The psalmist goes on to express sorrow because he cannot answer the men’s question concerning where God is. Almost to remind himself more than to answer their question, he remembers times when he would lead the procession up to worship. He reminds himself of the shouts of joy and thanksgiving coming from the crowd. This is a good idea. When our soul or when others ask about God’s presence and we come to realize it is not there, it is good to remember corporate times when it was there. These thoughts can prompt us to turn back to those practices that helped us experience God’s closeness and presence.

In verse 5 we get more questions. Why is my soul downcast and disturbed? When God feels distant, this is a natural emotional state to find oneself in. The psalmist quickly reminds himself to hope in God, to remember the actions of God in the past. Deciding to put our hope in God when one cannot feel God’s presence is a step of faith. It is trusting that God is still in control. Remembering the events and situations when God has done things in the past also helps to build that hope and trust. The psalmist recalls times along the Jordan and on Mount Mizar. We can recall times at church or at camp, at small group or in personal study, when God acted in a tangible way in our past. This leads to trust and builds hope in our God.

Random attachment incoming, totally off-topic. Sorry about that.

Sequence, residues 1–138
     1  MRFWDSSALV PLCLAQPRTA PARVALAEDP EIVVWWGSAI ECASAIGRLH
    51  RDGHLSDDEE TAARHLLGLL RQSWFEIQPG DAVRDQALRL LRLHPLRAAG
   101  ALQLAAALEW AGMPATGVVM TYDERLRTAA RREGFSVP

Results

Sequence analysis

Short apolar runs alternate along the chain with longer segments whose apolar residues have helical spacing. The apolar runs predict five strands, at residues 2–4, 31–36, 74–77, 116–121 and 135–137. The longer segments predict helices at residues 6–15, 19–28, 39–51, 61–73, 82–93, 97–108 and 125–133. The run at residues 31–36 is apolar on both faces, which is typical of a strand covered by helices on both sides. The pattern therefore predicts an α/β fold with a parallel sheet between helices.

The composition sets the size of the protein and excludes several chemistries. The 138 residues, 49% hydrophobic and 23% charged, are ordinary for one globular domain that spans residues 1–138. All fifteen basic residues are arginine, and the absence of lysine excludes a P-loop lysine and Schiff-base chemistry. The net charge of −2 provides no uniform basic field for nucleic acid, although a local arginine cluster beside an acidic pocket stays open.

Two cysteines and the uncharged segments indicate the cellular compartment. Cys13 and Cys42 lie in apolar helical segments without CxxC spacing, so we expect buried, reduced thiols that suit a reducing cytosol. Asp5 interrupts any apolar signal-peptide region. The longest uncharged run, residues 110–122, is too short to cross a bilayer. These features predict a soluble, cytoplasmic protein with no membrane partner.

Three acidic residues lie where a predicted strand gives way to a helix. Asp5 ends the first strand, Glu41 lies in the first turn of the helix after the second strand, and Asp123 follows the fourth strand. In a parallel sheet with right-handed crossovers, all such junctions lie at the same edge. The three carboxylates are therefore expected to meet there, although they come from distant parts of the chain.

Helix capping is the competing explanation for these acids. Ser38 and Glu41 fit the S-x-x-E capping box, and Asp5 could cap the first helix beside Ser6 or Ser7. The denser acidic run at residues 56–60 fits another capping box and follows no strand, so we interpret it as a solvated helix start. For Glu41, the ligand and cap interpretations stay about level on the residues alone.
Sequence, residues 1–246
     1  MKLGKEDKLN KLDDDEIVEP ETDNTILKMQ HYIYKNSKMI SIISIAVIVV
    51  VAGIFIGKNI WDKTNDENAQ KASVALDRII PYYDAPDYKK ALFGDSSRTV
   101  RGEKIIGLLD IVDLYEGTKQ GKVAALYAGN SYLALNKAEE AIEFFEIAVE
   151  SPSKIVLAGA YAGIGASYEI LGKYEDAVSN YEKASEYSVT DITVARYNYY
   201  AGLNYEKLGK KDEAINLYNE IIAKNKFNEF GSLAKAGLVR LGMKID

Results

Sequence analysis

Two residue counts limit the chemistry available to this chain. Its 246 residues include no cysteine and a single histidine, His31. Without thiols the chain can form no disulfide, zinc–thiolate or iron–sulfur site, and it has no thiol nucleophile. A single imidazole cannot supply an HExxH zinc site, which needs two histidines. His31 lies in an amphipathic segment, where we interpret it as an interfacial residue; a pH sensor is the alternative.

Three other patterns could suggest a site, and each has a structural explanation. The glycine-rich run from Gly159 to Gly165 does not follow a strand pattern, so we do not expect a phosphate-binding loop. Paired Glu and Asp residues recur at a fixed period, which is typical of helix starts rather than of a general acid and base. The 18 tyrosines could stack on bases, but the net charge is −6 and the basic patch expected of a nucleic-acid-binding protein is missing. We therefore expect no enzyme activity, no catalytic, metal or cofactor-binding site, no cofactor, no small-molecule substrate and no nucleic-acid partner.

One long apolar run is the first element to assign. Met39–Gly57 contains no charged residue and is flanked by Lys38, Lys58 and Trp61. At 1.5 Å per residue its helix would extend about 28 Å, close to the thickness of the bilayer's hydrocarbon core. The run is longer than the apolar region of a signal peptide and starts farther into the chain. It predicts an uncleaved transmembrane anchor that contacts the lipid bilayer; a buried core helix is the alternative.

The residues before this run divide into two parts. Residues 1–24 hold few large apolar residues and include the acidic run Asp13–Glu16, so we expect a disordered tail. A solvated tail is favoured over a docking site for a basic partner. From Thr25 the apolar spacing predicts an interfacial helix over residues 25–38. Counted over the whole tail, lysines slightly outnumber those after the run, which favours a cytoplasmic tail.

We all experience what the psalmist is experiencing. The steps to remember are the same as well. Through those times that we feel disconnected, may we think back over the journey so far, declaring our faith that God is in control and that God loves us dearly.

Prayer: Lord, when I feel alone, help me to first turn to you and to my story of faith. Remind me over and over of all the times and ways that you have been present to me. Allow that to rekindle the connection. Amen.


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Longing

Reading: Luke 13: 31-35